On Moon 2 Ava Luna's de facto band leader Carlos Hernandez steps back, leaving space for the rest of the band members to step up and step into roles they hadn't occupied on previous albums. Felicia Douglass (now a touring member of Dirty Projectors) worked with percussion and sampler, Julian Fader experimented with synths, nearly every band member ran the computer during recording sessions, and Becca Kauffman (aka performance artist Jennifer Vanilla) composed her first song for the group "On Its Side the Fallen Fire," a deeply layered orchestral piece of Kate Bush grandeur meets Julia Holter reverie. Compared with previous Ava Luna albums, Moon 2 has fewer sharp turns into dissonance, fewer celebratory guitar parts, none of Hernandez's signature screams. Nevertheless, the infectious buoyancy of "Deli Run" and "Walking With an Enemy," are warm and bright, and songs like "Centerline" and "Phoebe (Set it Off)" venture confidently into pop territory. The title track, painting the elation and tumult of a crush, is set against a swaggering reggae bassline and warbling Kraftwerk synths. "It's like, every sci-fi movie has a nightclub," says Kauffman. "These are the songs in that nightclub."
Brooklyn-based indie art fun band, Ava Luna, began in frontman Carlos Hernadez's high school bedroom. While the band has transformed both sonically, and physically over the years, they've nailed down their fundamental elements in their latest album, Infinite House (2015), by solidifying their lineup, and traditionally structuring their art funk R&B-infused sound. This track is a cover of Desmond Decker's "Isrealites", and is the second release in the JNR 2016 Flexi Series.
While on a writing retreat in the sleepy southern town of Benton, Mississippi, the members of New York's Ava Luna came across an abandoned house while on a walk through the woods. Overgrown, rotting, and littered with evidence of its past inhabitants, the maze-like dwelling would haunt their psyches throughout the writing and recording of their third full-length Infinite House. Like Borges' "Library of Babel", the seemingly endless rooms and hallways in the old house felt like a metaphor for the invisible, internal labyrinths, which the band explores lyrically and sonically on their new album.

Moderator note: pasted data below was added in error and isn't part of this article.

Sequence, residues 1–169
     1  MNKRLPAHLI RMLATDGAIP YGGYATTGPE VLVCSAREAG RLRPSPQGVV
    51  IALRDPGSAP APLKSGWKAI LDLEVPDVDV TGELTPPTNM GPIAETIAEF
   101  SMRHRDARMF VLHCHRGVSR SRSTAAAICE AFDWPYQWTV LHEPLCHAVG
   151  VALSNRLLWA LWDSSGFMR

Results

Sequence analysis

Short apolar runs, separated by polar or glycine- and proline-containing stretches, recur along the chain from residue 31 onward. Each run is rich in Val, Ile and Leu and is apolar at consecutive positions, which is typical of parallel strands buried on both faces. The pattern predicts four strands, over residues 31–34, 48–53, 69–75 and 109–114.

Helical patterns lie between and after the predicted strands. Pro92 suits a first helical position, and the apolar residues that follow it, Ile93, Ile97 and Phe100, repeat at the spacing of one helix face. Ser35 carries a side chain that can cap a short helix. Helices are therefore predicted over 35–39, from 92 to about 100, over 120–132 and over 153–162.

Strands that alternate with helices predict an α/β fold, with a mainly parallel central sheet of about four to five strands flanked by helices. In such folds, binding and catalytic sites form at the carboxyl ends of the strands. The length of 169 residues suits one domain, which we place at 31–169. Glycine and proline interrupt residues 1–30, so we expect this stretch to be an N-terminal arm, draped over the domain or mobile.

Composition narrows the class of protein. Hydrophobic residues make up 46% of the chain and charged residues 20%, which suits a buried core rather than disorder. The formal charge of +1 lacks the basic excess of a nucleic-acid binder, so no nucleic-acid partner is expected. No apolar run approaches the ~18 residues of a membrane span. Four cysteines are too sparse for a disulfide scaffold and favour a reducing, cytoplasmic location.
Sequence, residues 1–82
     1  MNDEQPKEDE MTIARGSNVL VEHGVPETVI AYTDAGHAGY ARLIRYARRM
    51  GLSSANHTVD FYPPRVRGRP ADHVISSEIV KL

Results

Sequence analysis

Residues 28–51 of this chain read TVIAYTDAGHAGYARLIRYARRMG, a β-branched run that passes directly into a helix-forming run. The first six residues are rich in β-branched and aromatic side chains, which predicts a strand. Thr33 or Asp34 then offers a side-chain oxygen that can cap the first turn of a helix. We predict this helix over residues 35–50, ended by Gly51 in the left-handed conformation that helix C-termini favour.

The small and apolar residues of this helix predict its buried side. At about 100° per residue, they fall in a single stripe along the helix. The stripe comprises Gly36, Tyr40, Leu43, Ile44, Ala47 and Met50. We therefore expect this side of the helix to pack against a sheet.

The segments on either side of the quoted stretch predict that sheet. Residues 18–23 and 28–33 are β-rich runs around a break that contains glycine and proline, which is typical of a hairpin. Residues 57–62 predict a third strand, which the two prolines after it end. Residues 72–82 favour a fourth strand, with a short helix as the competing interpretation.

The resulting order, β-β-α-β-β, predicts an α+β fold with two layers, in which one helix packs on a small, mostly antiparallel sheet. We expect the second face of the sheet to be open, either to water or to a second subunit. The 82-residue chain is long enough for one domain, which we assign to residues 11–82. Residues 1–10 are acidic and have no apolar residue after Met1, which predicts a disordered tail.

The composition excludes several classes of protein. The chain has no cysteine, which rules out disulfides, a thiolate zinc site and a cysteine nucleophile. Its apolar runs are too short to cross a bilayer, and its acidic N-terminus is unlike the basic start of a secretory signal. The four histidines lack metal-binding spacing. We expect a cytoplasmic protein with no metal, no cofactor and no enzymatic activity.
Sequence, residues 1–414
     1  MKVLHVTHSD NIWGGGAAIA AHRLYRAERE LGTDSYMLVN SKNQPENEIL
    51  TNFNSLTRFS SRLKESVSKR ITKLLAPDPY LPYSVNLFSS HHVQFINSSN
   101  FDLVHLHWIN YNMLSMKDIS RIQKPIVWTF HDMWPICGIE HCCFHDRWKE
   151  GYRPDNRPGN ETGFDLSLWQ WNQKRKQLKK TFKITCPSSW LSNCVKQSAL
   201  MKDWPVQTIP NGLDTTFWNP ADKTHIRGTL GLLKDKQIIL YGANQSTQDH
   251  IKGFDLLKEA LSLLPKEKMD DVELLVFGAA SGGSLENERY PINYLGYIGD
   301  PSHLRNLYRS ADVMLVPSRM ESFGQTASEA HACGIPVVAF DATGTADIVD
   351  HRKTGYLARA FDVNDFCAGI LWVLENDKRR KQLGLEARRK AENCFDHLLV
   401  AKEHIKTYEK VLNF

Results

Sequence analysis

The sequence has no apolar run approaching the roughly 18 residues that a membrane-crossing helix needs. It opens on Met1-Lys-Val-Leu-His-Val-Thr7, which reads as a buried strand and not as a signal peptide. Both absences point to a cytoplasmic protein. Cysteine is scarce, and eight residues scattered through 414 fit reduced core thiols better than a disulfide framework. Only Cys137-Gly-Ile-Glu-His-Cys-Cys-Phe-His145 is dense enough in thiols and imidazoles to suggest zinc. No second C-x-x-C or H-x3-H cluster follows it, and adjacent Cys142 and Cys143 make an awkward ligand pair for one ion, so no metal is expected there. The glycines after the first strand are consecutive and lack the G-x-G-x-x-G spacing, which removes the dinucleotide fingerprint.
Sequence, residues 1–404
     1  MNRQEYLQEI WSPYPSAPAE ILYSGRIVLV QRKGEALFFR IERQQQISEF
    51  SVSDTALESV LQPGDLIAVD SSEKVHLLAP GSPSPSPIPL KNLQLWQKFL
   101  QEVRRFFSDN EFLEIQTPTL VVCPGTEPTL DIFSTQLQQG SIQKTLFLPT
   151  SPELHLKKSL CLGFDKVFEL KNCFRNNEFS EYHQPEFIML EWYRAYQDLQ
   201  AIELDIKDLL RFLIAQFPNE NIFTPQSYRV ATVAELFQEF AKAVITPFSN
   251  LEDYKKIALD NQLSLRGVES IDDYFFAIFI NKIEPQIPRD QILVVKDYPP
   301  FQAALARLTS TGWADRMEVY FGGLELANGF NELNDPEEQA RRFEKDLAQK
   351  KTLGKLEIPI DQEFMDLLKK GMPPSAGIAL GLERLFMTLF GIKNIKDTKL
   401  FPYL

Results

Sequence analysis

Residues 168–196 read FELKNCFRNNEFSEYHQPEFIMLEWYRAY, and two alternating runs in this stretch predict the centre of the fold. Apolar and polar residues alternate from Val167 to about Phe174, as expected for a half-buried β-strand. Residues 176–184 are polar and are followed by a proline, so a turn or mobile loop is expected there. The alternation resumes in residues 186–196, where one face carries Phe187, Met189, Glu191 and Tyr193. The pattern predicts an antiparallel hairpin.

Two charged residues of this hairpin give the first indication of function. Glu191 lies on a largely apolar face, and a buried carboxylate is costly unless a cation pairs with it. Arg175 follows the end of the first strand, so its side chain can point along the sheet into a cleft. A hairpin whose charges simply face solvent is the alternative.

Recorded by drummer Julian Fader and vocalist/guitar player Carlos Hernandez, and mixed by Dave Fridmann (Flaming Lips, Spoon, MGMT), it is safely their most polished recording to date. But their trademark intensity, mirthful humor, and angularity remain resolutely in place, the burnished surfaces illuminating the stories beneath like never before. By questioning, or maybe just forgetting the rules of the real world, on Infinite House the band has grown beyond the "nervous soul" descriptor they've been tagged with in the past, delivering an album on which nightmarish moments can phoenix into revelations that help us reconnect with the surreal magic in our everyday lives.
After years of writing and performing, Ava Luna has refined their doo-wop soul meets punk-as-fuck aesthetic into something bold and glaringly defiant in today's indie music landscape. Following the release of their critically lauded first proper full-length Ice Level, the band spent an intense 2-week period writing and recording in upstate New York. Unlike previous efforts that were meticulously mapped out, the songs that would become Electric Balloon were "... a family effort." according to frontman Carlos Hernandez. For the new album, former Columbia composition student Hernandez relinquished the reins a bit, opting for a more organic approach to writing the material for what would become Electric Balloon.
In the wake of Ice Level, Ava Luna's sharp edges have melted away just enough, making it easier to connect with their no-wave grooves and soaring harmonies. Distilling everything from James Chance and ESG to contemporaries like Dirty Projectors and Of Montreal, Ava Luna have landed on an aggressively unique sound that still manages to be accessible.